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Sustainable Textile Innovations: Lotus Fibres

By Simone Preuss


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In view of resources dwindling fast and natural fibres like cotton being resource-intensive to process and petroleum-based fibres like acrylic, polyester, nylon and spandex not being the most environmentally friendly, it is about time to look for sustainable alternatives when producing fibres and fabrics. In a new series, FashionUnited will explore the sustainable alternatives and textile innovations that are currently being pursued all over the world.

The good news is, there are many alternatives out there and though not all may be suitable for large-scale production, the versatility of natural materials is just mind boggling. Thus, the list of alternative textile materials reads like an exotic shopping list - milk, nettles, pineapples, algae, coconuts and lotus stems, to name a few. Yes, you read that right, even lotus stems, which is what this article is going to explore.

Making fibres out of lotus stems has a long tradition

Using lotus fibres to weave into fabrics might sound exotic in the western world but in countries like Thailand or Myanmar for example, villagers have been using lotus fibres for rare fabrics for centuries. The process is quite time-consuming but produces a luxurious fabric that feels like a combination of silk and raw linen. After harvesting the lotus stems from lakes, the artisans slice the end of the stems and pull out the long, thin fibres from the centre. This has to be done within three days of cutting or the result will not be as desirable. The obtained threads are then washed and hung to dry and finally handwoven on looms into fabric.

Sounds complicated and time-consuming? Well, it is and the resulting garments are a far cry from fast fashion and priced accordingly. An enterprising company from India - where the lotus is the national flower - wanted to change that and has come up with a tailored fit white shirt made out of lotus stems because apart from a beautiful look and feel, there is another distinct advantage - they are stain resistant.

NoMark Lotus shirts are stain resistant

“It is just the best white shirt ever made,” enthuses Binoy Ravjani, co-founder and CEO of Jaipur- based Hero’s Fashion Pvt Ltd when speaking to Fibre2Fashion, adding that “lotus fabric is the most ecological fabric in the world. ... Waste is transformed into a quality textile that doesn’t use any polluting resources such as oil, electricity, gas or any toxic chemicals during any stage of the production process.”

The process is similar to the traditional described above - once the lotus stems have been harvested, the fibres are collected and harvested and meticulously rolled into thread, which is then hand woven using traditional Thai or Burmese frame looms. The difference is that the fabric is then GOTS certified and the shirt tailor-made for each customer.

No wonder then that the light-weight, soft, silky and extremely breathable shirt has a calm and peaceful, almost meditative effect on the wearer. Ravjani swears by its healing abilities, which can cure - to some extent - headaches, heart ailments, asthma and lung issues. In addition, the NoMark Lotus shirt is easy on the environment, lasts many years because it does not need to be washed so often and has additional features that add to its longevity.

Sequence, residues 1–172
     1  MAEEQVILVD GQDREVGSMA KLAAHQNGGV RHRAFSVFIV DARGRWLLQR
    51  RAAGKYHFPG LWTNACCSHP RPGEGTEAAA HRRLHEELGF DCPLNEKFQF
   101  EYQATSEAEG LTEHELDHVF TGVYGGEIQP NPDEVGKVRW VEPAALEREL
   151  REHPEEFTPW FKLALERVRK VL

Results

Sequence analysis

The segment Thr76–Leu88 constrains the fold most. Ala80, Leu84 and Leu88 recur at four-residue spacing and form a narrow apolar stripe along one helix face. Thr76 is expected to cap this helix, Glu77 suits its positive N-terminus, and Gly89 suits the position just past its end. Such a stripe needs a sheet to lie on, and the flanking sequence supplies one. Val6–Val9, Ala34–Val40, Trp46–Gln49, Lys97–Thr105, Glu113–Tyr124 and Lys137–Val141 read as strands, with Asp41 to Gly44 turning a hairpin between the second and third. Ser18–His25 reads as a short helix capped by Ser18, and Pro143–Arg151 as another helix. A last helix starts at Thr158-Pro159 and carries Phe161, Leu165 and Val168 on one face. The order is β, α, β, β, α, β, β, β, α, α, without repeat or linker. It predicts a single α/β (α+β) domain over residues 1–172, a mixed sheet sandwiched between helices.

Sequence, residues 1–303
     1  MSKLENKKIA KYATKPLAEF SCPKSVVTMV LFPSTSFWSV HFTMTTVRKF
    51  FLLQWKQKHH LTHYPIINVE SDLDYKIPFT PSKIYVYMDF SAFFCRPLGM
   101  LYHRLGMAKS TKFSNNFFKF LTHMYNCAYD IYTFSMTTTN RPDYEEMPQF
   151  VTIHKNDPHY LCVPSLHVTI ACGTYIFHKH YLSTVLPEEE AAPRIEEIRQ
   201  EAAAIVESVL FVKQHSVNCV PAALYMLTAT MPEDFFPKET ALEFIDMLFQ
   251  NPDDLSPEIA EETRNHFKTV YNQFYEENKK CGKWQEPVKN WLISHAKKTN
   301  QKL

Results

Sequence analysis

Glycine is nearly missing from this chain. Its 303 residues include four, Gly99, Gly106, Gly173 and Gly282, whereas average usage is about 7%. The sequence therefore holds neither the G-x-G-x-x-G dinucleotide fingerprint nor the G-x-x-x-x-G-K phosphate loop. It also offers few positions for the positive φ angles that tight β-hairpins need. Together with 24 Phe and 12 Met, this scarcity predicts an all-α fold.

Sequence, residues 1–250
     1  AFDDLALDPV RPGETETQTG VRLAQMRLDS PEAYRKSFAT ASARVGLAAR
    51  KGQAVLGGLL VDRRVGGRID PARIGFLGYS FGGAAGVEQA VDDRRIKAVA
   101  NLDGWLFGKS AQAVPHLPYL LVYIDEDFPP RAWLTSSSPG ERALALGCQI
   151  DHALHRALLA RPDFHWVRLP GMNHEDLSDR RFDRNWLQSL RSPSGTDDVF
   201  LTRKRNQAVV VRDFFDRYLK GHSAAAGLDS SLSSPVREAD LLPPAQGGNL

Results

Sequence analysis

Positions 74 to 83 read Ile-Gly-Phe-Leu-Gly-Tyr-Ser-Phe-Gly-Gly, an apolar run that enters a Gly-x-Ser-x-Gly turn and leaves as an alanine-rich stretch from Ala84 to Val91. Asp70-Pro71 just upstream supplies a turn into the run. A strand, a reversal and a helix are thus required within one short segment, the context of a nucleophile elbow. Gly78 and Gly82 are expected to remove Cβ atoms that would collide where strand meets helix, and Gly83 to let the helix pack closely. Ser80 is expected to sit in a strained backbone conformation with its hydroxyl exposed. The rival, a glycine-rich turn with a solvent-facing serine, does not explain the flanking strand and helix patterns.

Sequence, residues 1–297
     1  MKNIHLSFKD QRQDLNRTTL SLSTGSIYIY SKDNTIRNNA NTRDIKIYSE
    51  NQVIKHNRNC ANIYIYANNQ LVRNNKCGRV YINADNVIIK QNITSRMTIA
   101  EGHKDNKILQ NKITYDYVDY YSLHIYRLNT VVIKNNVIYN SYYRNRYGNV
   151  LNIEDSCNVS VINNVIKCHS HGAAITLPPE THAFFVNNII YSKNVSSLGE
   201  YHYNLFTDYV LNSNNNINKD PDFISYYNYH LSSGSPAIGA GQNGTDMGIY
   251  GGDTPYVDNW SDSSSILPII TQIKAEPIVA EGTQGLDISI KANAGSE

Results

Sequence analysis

“We chose to go for the hydrophobic nanotechnology, instead of the traditional sprays which are harmful to the environment and make the fabric rough and unbreathable,” says the company on its website when explaining the shirt's anti-stain properties. So even if you spill red wine, ink, coffee or any other liquid that usually spells disaster for any garment, it will just roll off the NoMark Lotus shirt.

At 135 euros, the shirt does not come cheap but given its many advantages, the expense seems well worth it. Plus, the company is transparent about the shirt's sourcing and true cost (58.50 euros) and the amount spent on each expense like materials, accessories, labour, transport and miscellaneous. The company also offers a campaign price of 85 euros plus free worldwide shipping.

Samatoa Lotus Textiles specialises in lotus fabrics

Any apparel maker who feels inspired to use lotus fabrics in their own line does not need to reinvent the wheel - or the loom in this case. There are companies out there specialising in lotus fabrics, for example Samatoa Lotus Textiles in Cambodia. The company employs socially responsible manufacturing techniques to create eco fabrics that support women’s empowerment in the country. The fabrics are made in traditional ways but by using new ecofibers.

“Preserving the environment, paying people fairly and treating each person with respect and dignity are our prerequisites for a sustainable fashion business. All of our workers are paid a living wage, have trade union rights, paid leave, and health insurance, not to mention a safe working environment,” explains the company on its website and shows in a video (see below) just how exactly lotus textiles are made at Samatoa from stem to fabric.

As seen, lotus fibres are versatile and can be used for lotus fabrics that have many advantages compared to more conventional textiles. The relatively high price seems the only disadvantage but a changing customer mindset toward lasting garments, quality and a light environmental footprint should overcome that.

Photos: Samatoa Lotus Textiles website; NoMark Lotus Facebook
sustainable textile series
Textile Innovations